An international coalition of conservation organizations is seeking protection for a 74 million-acre, species-rich tropical corridor between Peru and Bolivia. Conservation International and Peru’s National Institute of Natural Resources are working with local authorities to try to protect the region from mining, oil and gas exploitation, road and dam construction, and logging. The corridor includes 15 pre-existing protected areas and spans the transition zone from the high-mountain ecosystems of the Andes to the tropical forests and waterways of the Amazon. The corridor is part of an area designated an ecological “hotspot” because of its high biodiversity and equally high risk from human encroachment. The project is expected to be something of an administrative headache, as the Bolivian side alone encompasses 57 municipalities and four agencies that play a role in land management. Still, enviros are heartened by letters of support from the presidents of both countries and an increasing worldwide recognition of the importance of cross-border conservation projects.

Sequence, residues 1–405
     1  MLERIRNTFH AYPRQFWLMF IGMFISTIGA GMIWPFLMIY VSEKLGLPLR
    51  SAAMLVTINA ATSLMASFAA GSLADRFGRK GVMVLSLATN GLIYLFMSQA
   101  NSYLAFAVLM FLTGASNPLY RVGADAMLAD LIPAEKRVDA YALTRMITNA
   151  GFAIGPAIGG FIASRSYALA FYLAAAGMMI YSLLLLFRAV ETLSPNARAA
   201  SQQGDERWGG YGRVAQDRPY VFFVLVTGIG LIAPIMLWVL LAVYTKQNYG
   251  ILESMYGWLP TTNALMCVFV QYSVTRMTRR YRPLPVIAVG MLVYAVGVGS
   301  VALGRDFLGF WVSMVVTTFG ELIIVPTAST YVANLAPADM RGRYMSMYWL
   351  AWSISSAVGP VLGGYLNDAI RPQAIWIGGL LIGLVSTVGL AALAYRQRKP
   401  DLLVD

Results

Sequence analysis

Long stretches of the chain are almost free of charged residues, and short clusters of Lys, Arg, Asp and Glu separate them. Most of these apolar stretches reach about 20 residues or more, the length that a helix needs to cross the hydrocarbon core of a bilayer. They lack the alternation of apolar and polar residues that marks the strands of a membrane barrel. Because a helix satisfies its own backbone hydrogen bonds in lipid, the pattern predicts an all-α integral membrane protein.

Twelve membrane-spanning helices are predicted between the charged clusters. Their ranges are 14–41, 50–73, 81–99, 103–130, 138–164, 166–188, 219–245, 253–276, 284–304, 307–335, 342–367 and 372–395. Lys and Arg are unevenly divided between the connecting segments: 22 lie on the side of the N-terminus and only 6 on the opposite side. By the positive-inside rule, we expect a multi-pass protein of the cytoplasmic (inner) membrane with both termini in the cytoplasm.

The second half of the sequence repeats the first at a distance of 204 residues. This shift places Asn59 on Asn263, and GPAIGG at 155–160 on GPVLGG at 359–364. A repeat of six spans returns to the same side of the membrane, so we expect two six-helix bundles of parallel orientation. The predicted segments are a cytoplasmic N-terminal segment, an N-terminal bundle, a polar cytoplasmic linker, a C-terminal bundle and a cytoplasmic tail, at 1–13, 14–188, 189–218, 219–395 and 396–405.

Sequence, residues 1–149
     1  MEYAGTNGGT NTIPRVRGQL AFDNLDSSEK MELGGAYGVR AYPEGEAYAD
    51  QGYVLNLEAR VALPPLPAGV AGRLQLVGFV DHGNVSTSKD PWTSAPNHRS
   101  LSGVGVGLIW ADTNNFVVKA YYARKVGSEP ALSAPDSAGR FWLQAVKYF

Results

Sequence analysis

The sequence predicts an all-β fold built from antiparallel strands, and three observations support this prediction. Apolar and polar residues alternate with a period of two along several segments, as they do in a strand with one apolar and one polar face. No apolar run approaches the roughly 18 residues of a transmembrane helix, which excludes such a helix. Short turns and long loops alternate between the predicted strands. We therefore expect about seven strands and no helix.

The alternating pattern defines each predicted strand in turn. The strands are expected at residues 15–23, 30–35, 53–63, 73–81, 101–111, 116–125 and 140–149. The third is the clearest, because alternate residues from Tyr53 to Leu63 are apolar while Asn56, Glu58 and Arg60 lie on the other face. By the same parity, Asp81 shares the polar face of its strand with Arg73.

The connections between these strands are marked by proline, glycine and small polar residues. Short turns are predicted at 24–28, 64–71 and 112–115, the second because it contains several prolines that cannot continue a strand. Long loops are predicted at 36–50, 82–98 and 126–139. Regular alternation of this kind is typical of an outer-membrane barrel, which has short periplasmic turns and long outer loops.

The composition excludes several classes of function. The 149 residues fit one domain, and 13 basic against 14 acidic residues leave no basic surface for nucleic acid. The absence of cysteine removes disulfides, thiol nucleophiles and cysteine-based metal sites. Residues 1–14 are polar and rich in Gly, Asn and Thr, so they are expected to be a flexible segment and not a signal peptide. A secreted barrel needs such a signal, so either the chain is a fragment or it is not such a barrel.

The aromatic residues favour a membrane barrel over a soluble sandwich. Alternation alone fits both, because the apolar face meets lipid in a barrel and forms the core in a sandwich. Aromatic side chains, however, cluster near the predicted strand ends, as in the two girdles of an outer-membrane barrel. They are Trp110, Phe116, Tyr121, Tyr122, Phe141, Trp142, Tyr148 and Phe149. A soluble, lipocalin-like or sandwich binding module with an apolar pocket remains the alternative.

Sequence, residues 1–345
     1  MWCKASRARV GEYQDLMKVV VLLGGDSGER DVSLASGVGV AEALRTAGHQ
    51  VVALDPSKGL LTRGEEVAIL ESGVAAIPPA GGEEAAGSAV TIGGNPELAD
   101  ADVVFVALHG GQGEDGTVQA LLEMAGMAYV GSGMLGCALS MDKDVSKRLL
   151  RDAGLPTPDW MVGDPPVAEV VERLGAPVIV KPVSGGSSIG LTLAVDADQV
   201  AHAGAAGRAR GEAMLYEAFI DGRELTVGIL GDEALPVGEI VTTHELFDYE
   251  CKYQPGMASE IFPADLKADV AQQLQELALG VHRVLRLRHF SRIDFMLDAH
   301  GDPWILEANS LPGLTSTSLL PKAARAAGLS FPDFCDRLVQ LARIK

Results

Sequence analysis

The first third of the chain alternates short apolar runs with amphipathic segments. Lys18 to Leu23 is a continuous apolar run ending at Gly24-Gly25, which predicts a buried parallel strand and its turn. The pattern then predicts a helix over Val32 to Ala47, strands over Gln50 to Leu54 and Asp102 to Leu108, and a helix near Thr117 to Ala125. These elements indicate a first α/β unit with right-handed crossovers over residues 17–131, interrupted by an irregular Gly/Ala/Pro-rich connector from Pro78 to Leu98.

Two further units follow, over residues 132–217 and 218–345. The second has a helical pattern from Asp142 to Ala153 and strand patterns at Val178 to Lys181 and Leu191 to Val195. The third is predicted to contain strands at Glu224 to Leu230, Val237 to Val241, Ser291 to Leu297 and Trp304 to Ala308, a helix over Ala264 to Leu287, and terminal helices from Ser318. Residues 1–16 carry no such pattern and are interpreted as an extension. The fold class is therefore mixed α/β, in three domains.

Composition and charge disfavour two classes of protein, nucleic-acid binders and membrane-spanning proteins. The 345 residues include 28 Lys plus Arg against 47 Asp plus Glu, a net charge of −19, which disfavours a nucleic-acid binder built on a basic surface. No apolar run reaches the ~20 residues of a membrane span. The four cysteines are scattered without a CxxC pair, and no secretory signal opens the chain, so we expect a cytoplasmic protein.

Grist thanks its sponsors. Become one.